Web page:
Saturday, July 25, 2015

Limb darkening: SDO 160 nm

I wrote a lot about limb darkening in the previous posts and tried to carefully explain that the Sun gets darker when you go from the center of the disk to the limb. This effect is stronger for shorter wavelengths (ultraviolet) than for longer wavelengths (infrared). Guess what: Today I show you that this is not true.

Well, to understand that I have to explain that what I wrote about previously is correct for the photosphere of the star. I mentioned this in another blog already. If we talk about the photosphere, everything I wrote and showed before is correct. However, if I show you how the limb darkening of the Sun really looks like in an image, you will probably notice that the solar disk is brighter in the UV than in visual light.

Again I show a picture of the Solar Dynamics Observatory (SDO), however, this time not in the visual but in the ultraviolet (160 nm, see left image). Compared to the optical, the Sun has much more structure in this image.

In the top figure I present the brightness of the Sun in this wavelength from one edge to the other. To create this diagram, I used several dozen SDO images taken over a month, and averaged their brightnesses. Shown is the mean brightness and the error bars indicate how variable this brightness was in the course of one month. If you compare this graph to the one for the visual, you will notice that the limb darkening of the Sun is actually weaker in the UV. So comparing these two images you see the opposite of what I told you in the beginning and all the previous post on limb darkening.

The solution to this problem is: What you seen in this UV image of the Sun is not really the photosphere. You see a different part of the solar atmosphere which is slightly above the layer you see in the visual image of a previous post. You start seeing the chromosphere. And the chromosphere is different. There the Sun is hotter and a lot of light is emitted in shorter wavelengths. Because you see the emitting regions of the chromosphere better at the limb than in the center, you get more light from the limb. And the combination of all the light coming from different layers in the Sun in this UV wavelength interval makes up the figure I show in the top.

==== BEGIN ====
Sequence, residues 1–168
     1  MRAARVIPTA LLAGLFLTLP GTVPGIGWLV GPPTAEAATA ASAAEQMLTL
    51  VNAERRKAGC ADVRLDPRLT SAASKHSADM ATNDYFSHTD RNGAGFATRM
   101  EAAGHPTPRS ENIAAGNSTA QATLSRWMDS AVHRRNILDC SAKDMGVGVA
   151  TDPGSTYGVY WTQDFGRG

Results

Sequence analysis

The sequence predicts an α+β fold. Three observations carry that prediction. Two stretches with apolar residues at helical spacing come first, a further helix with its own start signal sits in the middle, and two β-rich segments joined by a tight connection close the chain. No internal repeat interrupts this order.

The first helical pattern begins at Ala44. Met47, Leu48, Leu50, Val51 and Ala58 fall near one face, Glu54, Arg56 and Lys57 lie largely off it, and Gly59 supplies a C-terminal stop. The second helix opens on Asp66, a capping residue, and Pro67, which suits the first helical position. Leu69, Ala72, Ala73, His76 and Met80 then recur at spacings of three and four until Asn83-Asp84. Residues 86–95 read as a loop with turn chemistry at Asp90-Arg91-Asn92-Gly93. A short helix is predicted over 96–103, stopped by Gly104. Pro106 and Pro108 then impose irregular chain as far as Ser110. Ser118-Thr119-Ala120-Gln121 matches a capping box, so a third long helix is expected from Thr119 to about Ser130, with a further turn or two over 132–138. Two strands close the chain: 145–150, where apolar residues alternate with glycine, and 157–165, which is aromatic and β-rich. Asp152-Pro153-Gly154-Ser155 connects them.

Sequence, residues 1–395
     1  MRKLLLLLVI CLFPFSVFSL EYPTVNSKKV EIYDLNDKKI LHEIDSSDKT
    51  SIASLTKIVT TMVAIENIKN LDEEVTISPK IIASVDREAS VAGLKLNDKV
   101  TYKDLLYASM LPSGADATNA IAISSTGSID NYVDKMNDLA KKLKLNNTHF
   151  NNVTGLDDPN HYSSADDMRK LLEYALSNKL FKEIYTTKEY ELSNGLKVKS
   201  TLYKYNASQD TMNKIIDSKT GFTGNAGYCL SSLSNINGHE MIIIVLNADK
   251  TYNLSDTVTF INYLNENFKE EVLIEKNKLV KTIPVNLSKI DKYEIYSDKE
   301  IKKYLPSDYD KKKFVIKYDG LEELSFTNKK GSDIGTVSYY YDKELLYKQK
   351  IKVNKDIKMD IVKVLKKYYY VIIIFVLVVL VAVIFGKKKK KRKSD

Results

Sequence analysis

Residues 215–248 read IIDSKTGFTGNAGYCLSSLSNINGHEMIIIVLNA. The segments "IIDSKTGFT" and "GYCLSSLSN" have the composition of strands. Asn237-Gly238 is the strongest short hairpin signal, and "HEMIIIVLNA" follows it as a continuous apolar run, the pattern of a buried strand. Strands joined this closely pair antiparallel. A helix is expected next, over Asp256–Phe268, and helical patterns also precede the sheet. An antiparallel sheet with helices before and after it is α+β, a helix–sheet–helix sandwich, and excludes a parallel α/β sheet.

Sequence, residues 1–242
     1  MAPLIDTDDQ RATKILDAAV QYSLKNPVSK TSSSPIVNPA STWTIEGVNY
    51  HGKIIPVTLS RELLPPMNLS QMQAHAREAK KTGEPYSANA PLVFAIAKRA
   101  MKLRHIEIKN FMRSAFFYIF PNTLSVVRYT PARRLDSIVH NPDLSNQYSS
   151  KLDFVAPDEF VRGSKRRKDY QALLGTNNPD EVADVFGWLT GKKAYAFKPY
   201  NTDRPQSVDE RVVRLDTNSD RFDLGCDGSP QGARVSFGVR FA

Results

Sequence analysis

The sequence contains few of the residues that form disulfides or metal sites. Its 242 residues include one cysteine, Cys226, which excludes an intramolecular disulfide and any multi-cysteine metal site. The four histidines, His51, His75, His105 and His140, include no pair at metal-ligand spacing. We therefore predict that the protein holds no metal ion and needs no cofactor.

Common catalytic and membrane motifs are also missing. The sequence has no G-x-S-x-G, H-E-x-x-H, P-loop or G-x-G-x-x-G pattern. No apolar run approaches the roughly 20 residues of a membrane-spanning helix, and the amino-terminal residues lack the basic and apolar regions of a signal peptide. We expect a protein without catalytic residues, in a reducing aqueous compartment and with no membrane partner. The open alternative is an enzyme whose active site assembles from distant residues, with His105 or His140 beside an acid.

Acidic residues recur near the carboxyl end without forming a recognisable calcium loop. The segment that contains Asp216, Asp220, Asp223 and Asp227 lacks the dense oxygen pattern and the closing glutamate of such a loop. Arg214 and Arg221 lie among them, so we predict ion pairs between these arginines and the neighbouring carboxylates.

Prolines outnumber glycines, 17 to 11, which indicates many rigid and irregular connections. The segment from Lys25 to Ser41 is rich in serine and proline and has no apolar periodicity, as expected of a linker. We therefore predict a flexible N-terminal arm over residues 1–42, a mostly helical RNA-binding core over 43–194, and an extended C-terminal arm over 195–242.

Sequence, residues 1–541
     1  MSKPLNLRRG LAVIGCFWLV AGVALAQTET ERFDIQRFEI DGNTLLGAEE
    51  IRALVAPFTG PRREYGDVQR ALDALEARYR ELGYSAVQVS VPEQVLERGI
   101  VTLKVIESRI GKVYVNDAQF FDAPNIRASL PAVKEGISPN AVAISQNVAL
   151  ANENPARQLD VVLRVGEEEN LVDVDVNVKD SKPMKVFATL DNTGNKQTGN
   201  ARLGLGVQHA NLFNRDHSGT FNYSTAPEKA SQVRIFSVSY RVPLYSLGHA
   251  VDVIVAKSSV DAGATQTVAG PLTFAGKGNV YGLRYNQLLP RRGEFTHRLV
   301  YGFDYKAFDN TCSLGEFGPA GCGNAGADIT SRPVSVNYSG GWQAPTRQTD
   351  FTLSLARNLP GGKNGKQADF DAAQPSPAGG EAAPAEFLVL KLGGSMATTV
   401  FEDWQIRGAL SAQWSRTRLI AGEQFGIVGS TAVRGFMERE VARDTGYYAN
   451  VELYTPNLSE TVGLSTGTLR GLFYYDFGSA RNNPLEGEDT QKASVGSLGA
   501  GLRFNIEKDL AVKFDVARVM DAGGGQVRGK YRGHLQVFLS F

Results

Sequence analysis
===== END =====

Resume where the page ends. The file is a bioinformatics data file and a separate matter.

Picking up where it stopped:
In this wavelength the brightness is still not higher in the limb than in the center, but in the next post I will show you a wavelength regime where we do not have limb darkening anymore - but limb brightening. With your naked eyes you will never see that because this is light you cannot receive with the human eye. So for us, the Sun has limb darkening.

I maybe should mention in the end, that the absolute brightness of the light coming from the chromosphere is much less than what you get from the photosphere. I always show normalized brightnesses, so this is something you cannot see in the figures. However, in absolute numbers there is much more light coming from the photosphere - which is basically the reason why we see it with the eye. But the relative contribution in the UV grows, which is the reason why we start detecting limb brightening for smaller wavelengths.